MCPS Nutrition Program lacking compared to other counties

Montgomery County Public Schools’ (MCPS) nutritional program was recently revealed to be sub-par after local coalition Healthy School Food Maryland (HSFM) awarded it with a “C+” in its 2016 School Food Environment Report Card.
Healthy School Food Maryland assessed the food quality for all 24 Maryland school districts, judging them based on 12 key areas deemed of importance to parents and school communities. These key areas include: A la carte transparency (availability of information about foods offered by school cafeterias), general transparency (availability of nutrition information), quality of food sold in vending machines, presence and utility of a wellness committee, water accessibility, presence of farm-to-school programs, whether or not school meals are made from scratch, menu variety, added sugar levels, presence of a salad bar, chemical regulation and marketing.
The report, released on Dec. 18, rated each district, from one to four, based on how well they met HSFM’s standards for each category. Using the school districts’ total numerical scores, the coalition assigned each school district a corresponding letter grade using a normal bell curve to represent the state of their school food policies.
The school district with the highest score was Howard County, which was the only school district to receive an “A+” rating, largely due to their high a la carte transparency, vending machine quality and farm-to-school program. In comparison, MCPS did not perform as well, earning the 14th highest score out of 24 other school districts. While MCPS proved to have adequate a la carte transparency and a strong farm-to-school program, they were lacking in general transparency, vending machine stock and use, water availability, homemade cooking and marketing. Although MCPS’ chemical use was rated as a two, they still managed to receive the highest chemical rating out of all districts. “Kudos to Montgomery County, the sole school system in the state with a policy that goes beyond federal regulations, prohibiting certain chemicals such as MSG, BHA, TBHQ and several synthetic food dyes and artificial sweeteners in their food,” the coalition said in its report.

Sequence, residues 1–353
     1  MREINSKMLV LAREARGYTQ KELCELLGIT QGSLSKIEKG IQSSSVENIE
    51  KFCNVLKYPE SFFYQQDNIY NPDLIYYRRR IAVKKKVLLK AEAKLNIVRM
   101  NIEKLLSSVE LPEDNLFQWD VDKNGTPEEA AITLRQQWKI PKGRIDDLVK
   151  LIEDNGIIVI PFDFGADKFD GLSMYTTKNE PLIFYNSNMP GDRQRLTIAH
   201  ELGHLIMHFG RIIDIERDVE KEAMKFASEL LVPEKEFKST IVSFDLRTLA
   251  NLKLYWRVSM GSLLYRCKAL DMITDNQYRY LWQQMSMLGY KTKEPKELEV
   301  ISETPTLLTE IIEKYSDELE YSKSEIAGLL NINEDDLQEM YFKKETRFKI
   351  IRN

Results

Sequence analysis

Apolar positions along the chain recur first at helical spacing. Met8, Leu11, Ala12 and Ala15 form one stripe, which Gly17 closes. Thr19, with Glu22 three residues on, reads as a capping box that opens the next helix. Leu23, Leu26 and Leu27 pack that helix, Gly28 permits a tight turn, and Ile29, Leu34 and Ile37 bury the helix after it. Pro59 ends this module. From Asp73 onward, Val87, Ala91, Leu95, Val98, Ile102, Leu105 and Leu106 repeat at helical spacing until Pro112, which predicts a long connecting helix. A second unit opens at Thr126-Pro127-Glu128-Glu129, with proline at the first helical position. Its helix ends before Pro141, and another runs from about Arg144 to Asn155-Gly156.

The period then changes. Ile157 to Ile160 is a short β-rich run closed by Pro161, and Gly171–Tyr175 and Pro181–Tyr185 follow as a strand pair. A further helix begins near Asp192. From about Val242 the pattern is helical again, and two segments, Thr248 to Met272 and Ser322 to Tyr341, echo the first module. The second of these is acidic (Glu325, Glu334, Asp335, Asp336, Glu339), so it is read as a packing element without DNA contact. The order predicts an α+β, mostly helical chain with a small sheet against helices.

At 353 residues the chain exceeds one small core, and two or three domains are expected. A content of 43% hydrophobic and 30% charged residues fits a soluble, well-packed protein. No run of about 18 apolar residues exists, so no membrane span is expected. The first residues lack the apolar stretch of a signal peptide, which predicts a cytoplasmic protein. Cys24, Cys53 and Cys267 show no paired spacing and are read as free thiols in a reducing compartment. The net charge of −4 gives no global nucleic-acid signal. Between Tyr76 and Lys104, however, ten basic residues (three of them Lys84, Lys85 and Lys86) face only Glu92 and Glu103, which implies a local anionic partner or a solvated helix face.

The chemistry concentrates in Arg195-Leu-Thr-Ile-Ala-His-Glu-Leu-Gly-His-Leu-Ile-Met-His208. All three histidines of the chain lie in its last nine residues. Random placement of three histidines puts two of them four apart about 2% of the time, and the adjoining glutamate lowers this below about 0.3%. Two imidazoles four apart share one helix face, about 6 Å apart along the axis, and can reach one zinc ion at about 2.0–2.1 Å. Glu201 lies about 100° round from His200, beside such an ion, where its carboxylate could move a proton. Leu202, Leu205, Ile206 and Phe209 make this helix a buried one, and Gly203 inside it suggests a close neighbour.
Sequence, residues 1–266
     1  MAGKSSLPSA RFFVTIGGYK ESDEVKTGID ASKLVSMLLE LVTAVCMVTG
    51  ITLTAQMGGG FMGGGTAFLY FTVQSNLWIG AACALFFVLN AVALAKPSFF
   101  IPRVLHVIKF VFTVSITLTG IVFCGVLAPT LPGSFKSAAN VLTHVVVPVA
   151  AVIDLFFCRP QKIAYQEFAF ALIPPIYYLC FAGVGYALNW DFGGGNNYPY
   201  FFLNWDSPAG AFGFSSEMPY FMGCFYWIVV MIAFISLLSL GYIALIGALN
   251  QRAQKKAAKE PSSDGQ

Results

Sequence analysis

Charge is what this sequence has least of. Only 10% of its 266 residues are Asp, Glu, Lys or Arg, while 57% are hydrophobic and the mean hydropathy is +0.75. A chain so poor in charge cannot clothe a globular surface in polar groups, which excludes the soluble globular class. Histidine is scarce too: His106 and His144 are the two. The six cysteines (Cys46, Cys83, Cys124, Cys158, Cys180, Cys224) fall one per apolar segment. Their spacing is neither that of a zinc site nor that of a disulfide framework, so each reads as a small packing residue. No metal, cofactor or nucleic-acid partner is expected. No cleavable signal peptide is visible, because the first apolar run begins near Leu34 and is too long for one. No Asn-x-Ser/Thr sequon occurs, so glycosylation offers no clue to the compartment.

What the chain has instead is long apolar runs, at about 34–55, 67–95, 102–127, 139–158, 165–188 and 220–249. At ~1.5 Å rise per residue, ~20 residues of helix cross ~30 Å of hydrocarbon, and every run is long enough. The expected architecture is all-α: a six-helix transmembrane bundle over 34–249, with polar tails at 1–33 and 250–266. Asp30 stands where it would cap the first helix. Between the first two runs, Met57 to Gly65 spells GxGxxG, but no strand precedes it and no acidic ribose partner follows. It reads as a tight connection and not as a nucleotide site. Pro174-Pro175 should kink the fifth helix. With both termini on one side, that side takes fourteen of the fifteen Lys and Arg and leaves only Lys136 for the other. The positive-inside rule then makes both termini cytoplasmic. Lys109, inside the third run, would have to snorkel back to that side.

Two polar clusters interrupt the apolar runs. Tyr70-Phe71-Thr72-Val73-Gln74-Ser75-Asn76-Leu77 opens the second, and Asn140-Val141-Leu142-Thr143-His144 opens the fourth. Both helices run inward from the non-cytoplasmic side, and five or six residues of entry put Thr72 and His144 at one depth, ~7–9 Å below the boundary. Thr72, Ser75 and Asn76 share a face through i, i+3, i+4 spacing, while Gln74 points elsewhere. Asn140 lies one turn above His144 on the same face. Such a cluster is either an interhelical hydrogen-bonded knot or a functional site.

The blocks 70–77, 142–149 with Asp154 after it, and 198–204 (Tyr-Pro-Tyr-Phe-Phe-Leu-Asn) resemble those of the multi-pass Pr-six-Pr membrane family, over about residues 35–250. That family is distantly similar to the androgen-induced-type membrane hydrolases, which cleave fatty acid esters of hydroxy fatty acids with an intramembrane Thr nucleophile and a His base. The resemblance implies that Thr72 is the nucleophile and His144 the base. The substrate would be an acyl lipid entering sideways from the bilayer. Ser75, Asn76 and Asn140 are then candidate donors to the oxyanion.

Based on MCPS’s performance in this report, it seems as if the county’s nutritional policy is fairly average in comparison to the rest of the state. However, it is important to note that none of the districts earned more than 60 percent of total points available, demonstrating a clear need for nutritional policy change. HSFM’s primary reasoning behind creating this report was to draw attention to such issues in hopes of motivating policy change toward healthier state-wide nutritional standards.
Current state nutritional policy, last updated in 2014, dictates that in order for a food to be sold in a Maryland school, it must be either whole-grain rich, have a fruit, vegetable, dairy product or protein food as its first ingredient, or be a combination of food that consists of at least one fourth of a cup of a fruit and/or vegetable. In addition, foods sold in schools must meet a series of nutritional standards, such as total calories, sodium, fat and sugar content. The state also has banned certain food products completely, such as soda, anything containing caffeine beyond the natural level and fruit juices with added sweeteners.
MCPS’s nutritional policy, last updated in 2015, is nearly identical to the state standards. However, MCPS has added a few additional regulations, such as prohibiting the sale of donuts or candy of any type on school property and requiring that the pricing of foods promotes healthy choices. “Montgomery County Public Schools is committed to creating a school culture that promotes and protects children’s health, well being and ability to learn by supporting healthy eating and physical activity,” MCPS says on its website.
Here students have recognized the poor nutritional quality of school-sold foods and often opt to bring their own lunch instead of purchasing it from the cafeteria. “I feel like the food [sold in the cafeteria] is not fresh or that healthy,” senior Cecilia Sun said.

 

Sarah Greenberg

Senior News Editor

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